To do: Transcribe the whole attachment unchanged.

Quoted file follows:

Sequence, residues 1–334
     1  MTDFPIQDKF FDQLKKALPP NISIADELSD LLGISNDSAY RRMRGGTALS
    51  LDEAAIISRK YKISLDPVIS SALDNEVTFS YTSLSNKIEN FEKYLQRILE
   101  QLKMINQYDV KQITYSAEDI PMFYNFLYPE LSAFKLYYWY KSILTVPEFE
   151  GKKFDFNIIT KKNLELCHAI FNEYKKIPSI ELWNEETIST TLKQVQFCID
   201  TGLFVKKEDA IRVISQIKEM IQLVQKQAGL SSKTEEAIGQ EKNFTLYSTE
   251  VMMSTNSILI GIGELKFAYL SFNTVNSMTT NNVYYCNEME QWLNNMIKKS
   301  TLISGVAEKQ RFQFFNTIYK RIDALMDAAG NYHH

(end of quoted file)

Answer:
Sequence, residues 1–334
     1  MTDFPIQDKF FDQLKKALPP NISIADELSD LLGISNDSAY RRMRGGTALS
    51  LDEAAIISRK YKISLDPVIS SALDNEVTFS YTSLSNKIEN FEKYLQRILE
   101  QLKMINQYDV KQITYSAEDI PMFYNFLYPE LSAFKLYYWY KSILTVPEFE
   151  GKKFDFNIIT KKNLELCHAI FNEYKKIPSI ELWNEETIST TLKQVQFCID
   201  TGLFVKKEDA IRVISQIKEM IQLVQKQAGL SSKTEEAIGQ EKNFTLYSTE
   251  VMMSTNSILI GIGELKFAYL SFNTVNSMTT NNVYYCNEME QWLNNMIKKS
   301  TLISGVAEKQ RFQFFNTIYK RIDALMDAAG NYHH